I wandered among the graves and took some pictures and reached for inner quiet, then felt outwards. Quiet, despite the kids' voices, yet with a feeling of multitudes of people having been there over the years, dead or alive. I found it all made me sad.
 I felt no spiritual lift when I was in the church, though it is pretty and very interesting. It has a feeling of age and reverence, but its history makes me mourn all that has been lost, and angry at the way humans keep treating each other. So many unmarked graves under the privileged, marked graves.

Monday, May 09, 2011

A grand day out.
No, we didn't build a spaceship and go to the moon looking for cheese. ;)

We did go to Santa Cruz for the day, and went to one of their local music shops, The Starving Musician, where we tried out various guitars, keyboards and drum sets and sticks and oh yeah, I found 2 more Lee Oskar Harmonicas that I haven't been able to find before: a Bb and an F, to help round out my collection of harmonicas in all different keys. The Bb in particular sounds really bright and fresh; Paul borrowed a capo and a dreadnought sized Taylor to play and we tried them all out. Casey meanwhile was trying out keyboards, playing some of his latest piano pieces, and he sounded pretty good. Riley tried out some guitars, including a resonator guitar which he loved, then some electronic drum kits as well as different sticks on a regular drum kit, and he came away with a set of 'stealth rods', which are like regular hot rod drumsticks but nylon with wood handles. Fun time for all of us. And then we went for a drive and bits of walking up on the cliffs above Santa Cruz.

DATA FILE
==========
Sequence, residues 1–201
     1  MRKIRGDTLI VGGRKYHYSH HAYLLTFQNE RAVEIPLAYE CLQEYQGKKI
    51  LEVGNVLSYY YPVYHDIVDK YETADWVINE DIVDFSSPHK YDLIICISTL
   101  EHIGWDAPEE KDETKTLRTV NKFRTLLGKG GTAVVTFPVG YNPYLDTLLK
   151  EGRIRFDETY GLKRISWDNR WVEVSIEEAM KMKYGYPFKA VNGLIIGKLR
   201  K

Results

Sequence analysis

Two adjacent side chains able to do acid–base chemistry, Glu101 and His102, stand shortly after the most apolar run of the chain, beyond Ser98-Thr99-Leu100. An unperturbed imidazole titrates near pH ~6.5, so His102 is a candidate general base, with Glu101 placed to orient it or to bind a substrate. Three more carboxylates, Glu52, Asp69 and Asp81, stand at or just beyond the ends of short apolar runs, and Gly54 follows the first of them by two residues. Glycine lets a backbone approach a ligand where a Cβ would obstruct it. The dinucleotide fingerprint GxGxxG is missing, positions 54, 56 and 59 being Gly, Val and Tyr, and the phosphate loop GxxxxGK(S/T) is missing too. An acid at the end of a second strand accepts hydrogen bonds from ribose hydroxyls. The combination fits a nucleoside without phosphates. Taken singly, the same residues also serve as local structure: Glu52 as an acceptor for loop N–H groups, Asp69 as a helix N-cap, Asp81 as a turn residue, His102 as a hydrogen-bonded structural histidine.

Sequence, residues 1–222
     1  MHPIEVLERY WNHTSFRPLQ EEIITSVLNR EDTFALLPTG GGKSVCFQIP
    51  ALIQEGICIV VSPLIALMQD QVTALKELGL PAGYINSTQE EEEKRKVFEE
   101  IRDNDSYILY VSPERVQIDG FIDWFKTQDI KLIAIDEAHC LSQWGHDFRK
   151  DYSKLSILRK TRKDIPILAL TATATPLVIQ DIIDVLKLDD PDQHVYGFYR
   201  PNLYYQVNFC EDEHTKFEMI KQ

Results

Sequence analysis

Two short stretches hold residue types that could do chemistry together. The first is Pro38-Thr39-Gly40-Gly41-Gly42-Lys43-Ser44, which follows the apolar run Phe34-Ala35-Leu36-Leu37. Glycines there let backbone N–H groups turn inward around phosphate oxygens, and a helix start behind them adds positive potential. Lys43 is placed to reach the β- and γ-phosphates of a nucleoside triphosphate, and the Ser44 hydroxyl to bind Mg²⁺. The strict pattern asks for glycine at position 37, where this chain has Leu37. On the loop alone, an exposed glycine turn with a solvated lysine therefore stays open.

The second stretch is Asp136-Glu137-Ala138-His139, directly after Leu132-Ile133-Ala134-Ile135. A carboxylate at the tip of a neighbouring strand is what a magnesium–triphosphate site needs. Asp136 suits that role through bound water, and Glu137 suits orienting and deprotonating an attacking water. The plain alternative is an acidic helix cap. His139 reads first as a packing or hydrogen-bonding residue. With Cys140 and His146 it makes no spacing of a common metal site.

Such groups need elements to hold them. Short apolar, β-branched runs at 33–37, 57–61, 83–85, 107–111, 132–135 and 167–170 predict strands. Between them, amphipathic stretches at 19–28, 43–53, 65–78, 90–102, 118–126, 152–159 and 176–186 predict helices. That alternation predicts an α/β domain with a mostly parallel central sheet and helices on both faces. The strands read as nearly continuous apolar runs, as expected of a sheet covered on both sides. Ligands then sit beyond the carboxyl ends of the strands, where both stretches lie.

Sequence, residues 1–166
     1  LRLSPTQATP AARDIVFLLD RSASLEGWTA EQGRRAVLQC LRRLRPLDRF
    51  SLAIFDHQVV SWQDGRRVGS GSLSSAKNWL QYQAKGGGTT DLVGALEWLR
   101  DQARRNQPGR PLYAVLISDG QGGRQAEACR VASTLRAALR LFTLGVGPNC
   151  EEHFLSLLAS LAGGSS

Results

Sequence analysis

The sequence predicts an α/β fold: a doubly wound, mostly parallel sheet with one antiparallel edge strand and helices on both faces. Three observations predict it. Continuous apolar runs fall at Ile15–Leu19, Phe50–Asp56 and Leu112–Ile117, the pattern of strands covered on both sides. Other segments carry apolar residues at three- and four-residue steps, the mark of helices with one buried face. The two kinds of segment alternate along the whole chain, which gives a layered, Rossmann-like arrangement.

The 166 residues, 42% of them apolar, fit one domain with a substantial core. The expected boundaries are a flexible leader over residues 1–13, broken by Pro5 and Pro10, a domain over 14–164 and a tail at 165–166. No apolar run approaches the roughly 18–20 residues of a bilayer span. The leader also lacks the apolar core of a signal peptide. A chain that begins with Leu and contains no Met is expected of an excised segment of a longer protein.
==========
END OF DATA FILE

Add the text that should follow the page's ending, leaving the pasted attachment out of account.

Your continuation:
From the Cliff Drive in Santa Cruz
Cold and windy, with alternating clouds and sun. It'll get hot enough plenty soon, so we were kind of enjoying the last of the cold and windy weather. We ended up over at the Boardwalk, which was running and active, but not nearly as crowded as it'll be this summer. The boys went on a number of thrill rides, the best being the Giant Dipper, of course. There was the Lazer Maze, where you run, roll and climb through a changing maze of laser lights to the theme music from Mission Impossible. (Casey was the best, and his gymnastics rolls between lasers was pretty impressive to watch. That kid is ready to be on the Impossible Missions Team.) All three of the boys ended up on the bumper cars.